I grew up in the considerably rural central part of West Virginia, so it was inevitable that at some point I would take up an interest in alt-country. Mainstream country was too reactionary–too yee-haw–and well, I could never have reconciled that with my love of Petula Clark. Alt-country, though, with its stylized, if not entirely accurate, view of economic hardship and mountain kinship was a suitable midway point between the reality of my upbringing and the rosy glow it gets painted with by folks who’ve never had the pleasure. So I indulged heartily in a slate of alt-country, slipping in Whiskeytown and Uncle Tupelo between Ben Folds Five or Ani DiFranco or whatever else was moderately cool in 1998. And then when I went to college I ditched it all and adopted Bob Dylan’s Midwestern faux-roots heritage.
Long story short, thank you Splinters & Sparrows for A Bastard, A Brother, A Foe and for reminding me what a great, weirdly nebulous subgenre alt-country is and how, despite everything, it can be surprisingly full of guts and soul. I’m not the kind of guy who spends a lot of time over pissing matches about authenticity, but when aging New York punk rockers pick up a harmonica and sing about coal towns I start wondering if their affectations really count for much. But I concede there’s a certain verve that’s more frame of mind than geographic orientation, and Massachusett’s Greg Loftus and company have zeroed right into the brawling big-heartedness you’d expect to find anywhere up and down the Blue Ridge. And it’s not posturing–it’s more like they just had the bad luck of being reincarnated on the wrong side of the Mason & Dixon.
A Bastard, A Brother, A Foe is Greg Loftus’s second release by Shepherdstown, WV’s Big Bullet Records and the first with a backing band. (His first album No Taking Prisoners Tonight was BBR’s inaugural release and is still available for order.) From stem to stern, the album has an aching, restless feeling about it. As much as the songs harbor a certitude about where the man’s been and who he is, there’s an equal amount of hesitation; he knows he’s right, but is that enough? I used to do a lot of 3am last-call drinking–where was this album when I finally stumbled home?
All nine tracks are solid and sit beside one another well. I’m especially partial to “Carolina Gun Down”, a fitful song that itches to get to the anthemic singalong chorus and takes its time getting around to the rest. For what it’s worth, I typically stare blankly at the wall when I’m trying to figure out a song, but barely halfway through the first chorus my foot was tapping. I figured that’s as good a sign as any, and now I’ve probably heard “Carolina Gun Down” a good dozen times more often than the rest of A Bastard, A Brother, A Foe. But all the tracks enjoy an occasional strutting wistfulness or a winking smile. “What’s wrong with old fashioned?” asks Loftus in “Like Wildfire”, and that’s a very good question indeed.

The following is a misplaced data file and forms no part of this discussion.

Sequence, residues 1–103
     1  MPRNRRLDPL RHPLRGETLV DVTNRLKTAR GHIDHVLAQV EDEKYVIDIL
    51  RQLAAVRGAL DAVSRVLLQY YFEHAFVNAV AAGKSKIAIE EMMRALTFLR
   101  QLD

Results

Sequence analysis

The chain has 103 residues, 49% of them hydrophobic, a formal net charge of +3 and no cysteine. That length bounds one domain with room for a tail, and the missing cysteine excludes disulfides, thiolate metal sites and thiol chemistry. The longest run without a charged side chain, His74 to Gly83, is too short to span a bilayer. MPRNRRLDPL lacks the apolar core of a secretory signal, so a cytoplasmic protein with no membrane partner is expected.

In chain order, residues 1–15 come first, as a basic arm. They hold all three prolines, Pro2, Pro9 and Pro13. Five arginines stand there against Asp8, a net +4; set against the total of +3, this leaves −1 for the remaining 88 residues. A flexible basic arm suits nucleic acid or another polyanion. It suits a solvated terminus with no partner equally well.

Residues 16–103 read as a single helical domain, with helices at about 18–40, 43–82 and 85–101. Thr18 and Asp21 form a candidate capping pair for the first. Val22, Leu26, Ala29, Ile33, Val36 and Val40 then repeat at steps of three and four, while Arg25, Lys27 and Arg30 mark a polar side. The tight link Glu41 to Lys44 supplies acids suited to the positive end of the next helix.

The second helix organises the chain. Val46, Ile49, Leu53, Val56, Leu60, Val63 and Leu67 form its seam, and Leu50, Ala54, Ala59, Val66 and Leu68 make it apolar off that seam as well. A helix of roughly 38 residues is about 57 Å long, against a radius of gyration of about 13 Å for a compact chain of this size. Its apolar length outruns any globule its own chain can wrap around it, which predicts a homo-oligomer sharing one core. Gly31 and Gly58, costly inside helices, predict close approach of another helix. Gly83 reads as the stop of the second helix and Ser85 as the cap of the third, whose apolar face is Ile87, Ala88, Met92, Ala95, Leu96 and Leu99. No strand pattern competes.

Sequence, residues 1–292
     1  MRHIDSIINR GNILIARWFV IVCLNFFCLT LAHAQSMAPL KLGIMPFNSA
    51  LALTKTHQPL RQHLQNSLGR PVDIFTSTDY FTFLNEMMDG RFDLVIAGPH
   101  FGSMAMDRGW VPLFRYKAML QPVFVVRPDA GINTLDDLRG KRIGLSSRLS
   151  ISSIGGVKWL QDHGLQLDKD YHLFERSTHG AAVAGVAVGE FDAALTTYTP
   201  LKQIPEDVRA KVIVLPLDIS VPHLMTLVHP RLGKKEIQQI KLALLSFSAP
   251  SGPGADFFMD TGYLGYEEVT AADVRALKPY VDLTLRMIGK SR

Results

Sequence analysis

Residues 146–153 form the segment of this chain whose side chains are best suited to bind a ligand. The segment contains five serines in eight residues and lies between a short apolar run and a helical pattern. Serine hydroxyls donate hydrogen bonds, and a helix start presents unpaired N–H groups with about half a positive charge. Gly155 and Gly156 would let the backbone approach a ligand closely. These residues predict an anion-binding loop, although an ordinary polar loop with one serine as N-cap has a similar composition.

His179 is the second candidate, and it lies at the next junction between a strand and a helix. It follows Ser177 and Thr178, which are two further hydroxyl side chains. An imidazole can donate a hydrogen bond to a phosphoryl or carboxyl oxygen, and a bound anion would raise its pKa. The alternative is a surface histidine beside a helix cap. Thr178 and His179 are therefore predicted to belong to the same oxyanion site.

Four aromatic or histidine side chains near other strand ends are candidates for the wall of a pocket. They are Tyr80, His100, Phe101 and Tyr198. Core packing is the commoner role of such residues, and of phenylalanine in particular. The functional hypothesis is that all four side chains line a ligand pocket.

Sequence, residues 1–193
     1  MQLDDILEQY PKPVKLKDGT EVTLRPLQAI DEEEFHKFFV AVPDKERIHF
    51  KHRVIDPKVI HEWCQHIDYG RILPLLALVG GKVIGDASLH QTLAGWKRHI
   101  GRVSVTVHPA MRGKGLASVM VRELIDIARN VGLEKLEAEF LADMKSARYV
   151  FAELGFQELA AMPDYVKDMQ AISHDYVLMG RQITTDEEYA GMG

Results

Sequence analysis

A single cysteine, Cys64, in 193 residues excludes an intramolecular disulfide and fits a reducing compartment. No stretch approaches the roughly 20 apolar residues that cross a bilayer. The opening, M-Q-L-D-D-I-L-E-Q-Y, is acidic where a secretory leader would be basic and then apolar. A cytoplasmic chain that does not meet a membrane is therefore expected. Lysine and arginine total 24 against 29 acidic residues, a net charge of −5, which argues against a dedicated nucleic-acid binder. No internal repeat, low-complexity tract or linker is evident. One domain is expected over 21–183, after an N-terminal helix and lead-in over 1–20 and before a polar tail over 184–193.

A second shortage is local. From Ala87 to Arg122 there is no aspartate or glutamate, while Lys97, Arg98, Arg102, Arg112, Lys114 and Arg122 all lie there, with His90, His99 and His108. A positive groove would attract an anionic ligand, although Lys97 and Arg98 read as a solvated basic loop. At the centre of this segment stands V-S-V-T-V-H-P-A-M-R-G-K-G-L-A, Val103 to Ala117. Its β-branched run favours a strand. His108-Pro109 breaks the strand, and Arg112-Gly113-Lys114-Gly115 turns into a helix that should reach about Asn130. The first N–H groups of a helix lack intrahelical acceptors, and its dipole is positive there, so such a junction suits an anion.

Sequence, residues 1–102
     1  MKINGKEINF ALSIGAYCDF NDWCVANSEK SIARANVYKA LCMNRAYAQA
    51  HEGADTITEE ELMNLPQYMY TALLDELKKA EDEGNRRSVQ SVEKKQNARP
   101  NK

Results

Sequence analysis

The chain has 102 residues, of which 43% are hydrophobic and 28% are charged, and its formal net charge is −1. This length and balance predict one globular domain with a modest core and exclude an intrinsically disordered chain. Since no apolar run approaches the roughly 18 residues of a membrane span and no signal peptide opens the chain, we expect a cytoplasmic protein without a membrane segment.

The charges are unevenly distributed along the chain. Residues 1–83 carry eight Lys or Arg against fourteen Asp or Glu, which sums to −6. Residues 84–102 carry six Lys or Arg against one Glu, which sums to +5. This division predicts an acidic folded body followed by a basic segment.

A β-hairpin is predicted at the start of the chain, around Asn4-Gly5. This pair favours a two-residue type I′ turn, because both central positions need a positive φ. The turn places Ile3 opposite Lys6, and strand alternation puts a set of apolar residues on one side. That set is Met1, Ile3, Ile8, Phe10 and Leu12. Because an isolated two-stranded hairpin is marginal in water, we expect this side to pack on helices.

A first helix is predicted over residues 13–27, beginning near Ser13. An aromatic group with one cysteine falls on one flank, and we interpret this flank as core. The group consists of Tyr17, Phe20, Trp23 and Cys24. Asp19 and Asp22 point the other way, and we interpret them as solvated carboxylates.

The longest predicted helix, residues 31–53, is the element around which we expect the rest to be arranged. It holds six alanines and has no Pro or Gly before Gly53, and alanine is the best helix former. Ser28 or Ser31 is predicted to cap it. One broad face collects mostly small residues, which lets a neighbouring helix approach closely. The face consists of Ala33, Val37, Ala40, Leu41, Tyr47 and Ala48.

If I were pressed to think of a bone to pick with A Bastard, A Brother, A Foe (and judging from that awesome title, I would hesitate to do so), it would be that there’s no weepy ballad. Now, maybe Loftus isn’t the weepy type, or maybe I’ve just become too accustomed to teary eyed balladeers aping Hank Williams’s anti-sobriety songwriting style, but an album as consistently bare-knuckled as this needs to slow down a bit now and then. Give us something to drunk call by. But if this is the only drawback that comes to mind, don’t sweat it, fellas.
Splinters & Sparrows are currently working their asses off, gearing up for a stint of shows in Massachusetts, New York and thereabouts before gearing up for, well, more shows elsewhere. They’ll be at The Blue Moon in Shepherdstown May 28, so damn sure I’ll be tying a string around my finger to remember that.
A Bastard, A Brother, A Foe will be available from Big Bullet Records in late spring or early summer. Set aside some pocket money for it. You can order Loftus’s other work–in addition to the rest of BBR’s awesome stable–at www.bigbulletrecords.com or from the Splinters & Sparrows MySpace page.